Item two is two-thirds of my Central Park Hoodie. The left front is in progress and going quickly. In a bold and original move, it will be followed by the right front. Then a little finishing (quite a bit, actually, between the button band and the hood) and hopefully the whole thing will be done and wearable before I board the bus for Rhinebeck and the New York Sheep & Wool Festival in October.
As a warm up for Rhinebeck, I spent a few hours at the Finger Lakes Fiber Festival. As a member of the Genesee Valley Handspinners Guild, I got to volunteer at the festival and I chose to work at the fleece sales table. Bad move. I fully believed that, with all the spending opportunities on the horizon at Rhinebeck and all the stuff and fluff still waiting to spun from last year, I could restrain myself and really not buy very much. HAHAHAHAHAHAHA. Two hours at the fleece table gave me plenty of time to take a look at all the fleeces entered in the competition. Touch them . . . admire their fine qualities . . . and find one in my price range. About the only thing that kept the whole venture sane was the fact that you can't charge at the fleece table. Cash or check only. Still, with only $40 in my wallet (which is unheard of riches for a girl who never carries cash), I was able to sell myself a 5.5 pound corriedale fleece from Ewe #512. I must say, she did a fine job growing her wool this year. The fleece is a mix of dark, chocolatey browns, light grays, and a whole lot of in-between colors. On the left is the fleece sitting in my fleece basket waiting to be sorted and washed, which will take me a few weeks. On the right is the picture of me indulging my anal retentive side by organizing the fleece into uniform bundles ready to be washed. Below that is not a rack full of dead mice, but a lovely collection of soft and fluffy fleece bits drying in my office. I've stretched a few layers of blue mesh netting over my old quilt frame to serve as a drying rack. It makes a great tent for Matty to play under, but sometimes he starts to poke at the roof (who wouldn't, really?) and that's when it starts to look like all the little dead mice are coming back to life. Kind of makes you jump.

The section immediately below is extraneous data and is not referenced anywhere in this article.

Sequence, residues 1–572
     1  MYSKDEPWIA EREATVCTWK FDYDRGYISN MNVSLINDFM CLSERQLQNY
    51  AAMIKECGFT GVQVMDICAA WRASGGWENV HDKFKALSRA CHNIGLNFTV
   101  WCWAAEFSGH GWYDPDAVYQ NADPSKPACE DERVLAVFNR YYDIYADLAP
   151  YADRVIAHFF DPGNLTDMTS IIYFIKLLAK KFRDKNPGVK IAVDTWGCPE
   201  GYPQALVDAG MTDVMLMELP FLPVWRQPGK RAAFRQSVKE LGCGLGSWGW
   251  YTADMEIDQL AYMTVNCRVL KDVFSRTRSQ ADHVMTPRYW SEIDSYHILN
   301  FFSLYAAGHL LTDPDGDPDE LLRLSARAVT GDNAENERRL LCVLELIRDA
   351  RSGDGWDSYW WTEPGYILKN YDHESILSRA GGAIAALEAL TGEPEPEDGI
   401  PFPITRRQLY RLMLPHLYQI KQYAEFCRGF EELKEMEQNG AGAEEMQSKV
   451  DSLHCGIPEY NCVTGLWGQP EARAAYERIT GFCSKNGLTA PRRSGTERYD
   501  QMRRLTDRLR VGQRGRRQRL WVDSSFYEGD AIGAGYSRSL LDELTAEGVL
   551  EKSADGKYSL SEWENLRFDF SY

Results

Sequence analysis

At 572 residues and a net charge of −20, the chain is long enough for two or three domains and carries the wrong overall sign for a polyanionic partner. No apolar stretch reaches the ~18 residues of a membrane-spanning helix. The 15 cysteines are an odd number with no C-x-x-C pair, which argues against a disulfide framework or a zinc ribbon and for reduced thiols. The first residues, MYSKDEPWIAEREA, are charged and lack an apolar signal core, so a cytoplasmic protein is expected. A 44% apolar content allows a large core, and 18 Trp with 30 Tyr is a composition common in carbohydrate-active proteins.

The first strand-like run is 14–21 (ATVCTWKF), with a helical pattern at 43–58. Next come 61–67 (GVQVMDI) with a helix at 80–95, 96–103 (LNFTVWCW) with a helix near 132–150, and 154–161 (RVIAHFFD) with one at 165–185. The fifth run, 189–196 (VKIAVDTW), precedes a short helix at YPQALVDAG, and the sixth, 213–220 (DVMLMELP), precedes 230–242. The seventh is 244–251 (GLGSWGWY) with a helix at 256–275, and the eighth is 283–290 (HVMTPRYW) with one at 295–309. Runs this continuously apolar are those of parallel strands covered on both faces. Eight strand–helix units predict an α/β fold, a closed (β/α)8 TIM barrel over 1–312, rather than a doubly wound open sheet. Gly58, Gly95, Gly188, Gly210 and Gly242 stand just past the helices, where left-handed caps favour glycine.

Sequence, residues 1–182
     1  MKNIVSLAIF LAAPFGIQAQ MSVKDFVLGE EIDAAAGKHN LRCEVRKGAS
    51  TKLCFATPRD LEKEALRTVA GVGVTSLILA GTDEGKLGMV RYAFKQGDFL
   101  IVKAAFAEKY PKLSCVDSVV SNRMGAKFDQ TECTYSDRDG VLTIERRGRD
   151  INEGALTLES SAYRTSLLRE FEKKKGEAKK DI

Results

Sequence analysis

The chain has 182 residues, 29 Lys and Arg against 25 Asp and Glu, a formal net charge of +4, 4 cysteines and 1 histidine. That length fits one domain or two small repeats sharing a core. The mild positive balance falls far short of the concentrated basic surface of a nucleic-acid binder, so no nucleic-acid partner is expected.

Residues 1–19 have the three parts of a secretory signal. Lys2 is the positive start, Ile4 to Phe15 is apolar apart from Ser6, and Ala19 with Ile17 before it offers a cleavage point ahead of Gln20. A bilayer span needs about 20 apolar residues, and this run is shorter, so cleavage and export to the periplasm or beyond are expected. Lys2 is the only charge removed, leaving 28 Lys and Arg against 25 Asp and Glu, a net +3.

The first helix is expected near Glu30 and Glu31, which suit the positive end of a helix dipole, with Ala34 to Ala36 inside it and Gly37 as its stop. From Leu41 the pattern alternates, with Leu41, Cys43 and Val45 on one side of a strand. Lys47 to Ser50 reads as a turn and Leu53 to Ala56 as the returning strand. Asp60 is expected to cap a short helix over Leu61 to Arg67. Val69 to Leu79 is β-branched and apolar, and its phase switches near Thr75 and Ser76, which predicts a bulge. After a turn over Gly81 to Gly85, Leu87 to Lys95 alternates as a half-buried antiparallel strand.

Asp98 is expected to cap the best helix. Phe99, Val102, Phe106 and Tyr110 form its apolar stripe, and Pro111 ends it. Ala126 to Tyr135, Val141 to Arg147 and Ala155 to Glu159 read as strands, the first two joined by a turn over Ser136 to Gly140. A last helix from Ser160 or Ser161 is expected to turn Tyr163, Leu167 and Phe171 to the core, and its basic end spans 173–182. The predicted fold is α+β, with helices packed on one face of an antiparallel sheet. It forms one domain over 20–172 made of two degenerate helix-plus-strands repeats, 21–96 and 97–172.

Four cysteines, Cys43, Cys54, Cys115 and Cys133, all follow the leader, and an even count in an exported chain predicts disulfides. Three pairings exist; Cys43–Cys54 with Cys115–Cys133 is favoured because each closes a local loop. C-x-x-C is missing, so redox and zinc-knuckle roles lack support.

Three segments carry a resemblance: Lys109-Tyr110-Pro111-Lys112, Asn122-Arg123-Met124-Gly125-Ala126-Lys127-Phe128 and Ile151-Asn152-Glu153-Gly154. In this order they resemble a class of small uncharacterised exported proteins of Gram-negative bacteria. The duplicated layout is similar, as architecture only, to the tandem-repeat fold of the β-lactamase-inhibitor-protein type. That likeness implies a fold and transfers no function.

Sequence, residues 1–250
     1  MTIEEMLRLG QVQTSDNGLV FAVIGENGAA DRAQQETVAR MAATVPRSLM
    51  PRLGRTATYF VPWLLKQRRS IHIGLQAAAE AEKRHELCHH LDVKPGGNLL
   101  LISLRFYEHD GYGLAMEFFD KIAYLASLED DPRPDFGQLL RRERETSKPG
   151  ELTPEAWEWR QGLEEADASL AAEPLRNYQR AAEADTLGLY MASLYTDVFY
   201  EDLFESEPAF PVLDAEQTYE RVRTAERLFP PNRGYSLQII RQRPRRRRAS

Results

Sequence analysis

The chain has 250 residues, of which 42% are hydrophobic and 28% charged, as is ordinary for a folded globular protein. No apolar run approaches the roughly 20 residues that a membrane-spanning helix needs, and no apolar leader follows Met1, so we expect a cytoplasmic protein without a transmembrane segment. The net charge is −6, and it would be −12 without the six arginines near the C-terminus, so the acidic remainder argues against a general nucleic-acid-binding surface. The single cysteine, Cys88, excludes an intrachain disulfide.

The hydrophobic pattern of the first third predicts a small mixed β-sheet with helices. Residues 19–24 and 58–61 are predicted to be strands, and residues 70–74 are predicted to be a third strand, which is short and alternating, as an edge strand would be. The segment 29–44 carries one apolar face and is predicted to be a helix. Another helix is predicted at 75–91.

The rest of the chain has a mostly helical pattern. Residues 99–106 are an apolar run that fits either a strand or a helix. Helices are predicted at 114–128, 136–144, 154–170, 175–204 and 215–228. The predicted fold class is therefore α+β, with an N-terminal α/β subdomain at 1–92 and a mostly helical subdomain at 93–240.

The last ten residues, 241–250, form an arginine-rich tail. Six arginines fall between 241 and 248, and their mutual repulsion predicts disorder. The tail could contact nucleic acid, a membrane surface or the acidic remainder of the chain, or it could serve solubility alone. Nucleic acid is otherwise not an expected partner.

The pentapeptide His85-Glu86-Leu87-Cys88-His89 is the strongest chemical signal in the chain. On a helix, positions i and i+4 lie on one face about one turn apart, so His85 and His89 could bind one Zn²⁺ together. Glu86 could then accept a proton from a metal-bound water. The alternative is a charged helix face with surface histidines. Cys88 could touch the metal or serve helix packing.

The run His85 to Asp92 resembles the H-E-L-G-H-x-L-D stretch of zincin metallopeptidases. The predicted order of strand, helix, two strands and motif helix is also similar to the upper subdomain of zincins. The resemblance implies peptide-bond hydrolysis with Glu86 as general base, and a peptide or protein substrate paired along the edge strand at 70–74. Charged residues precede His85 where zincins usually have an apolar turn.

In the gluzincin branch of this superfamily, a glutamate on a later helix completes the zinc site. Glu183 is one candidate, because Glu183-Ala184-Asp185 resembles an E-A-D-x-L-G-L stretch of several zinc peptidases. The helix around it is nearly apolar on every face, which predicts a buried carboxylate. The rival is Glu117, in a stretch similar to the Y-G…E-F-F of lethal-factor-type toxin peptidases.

With a little luck and a lot of work, that wool will be spun up into a heathery brown-gray yarn and made into a sweater for my hubby, kind of as a thank you for not giving me a hard time every time I bring another bit of fluff into the house.
Last, Cody has asked me to give him equal time. He thinks the chickens and the strange brown stuff that smells like a sheep but doesn't move when he tries to herd it have gotten more than their fair share of press and he would like everyone to stop and appreciate him for a few moments. He also feels that it would be best if this could become a daily practice. Here he is giving me his best long-suffering-ever-faithful-canine-companion face. Don't ever tell me that dogs can't talk.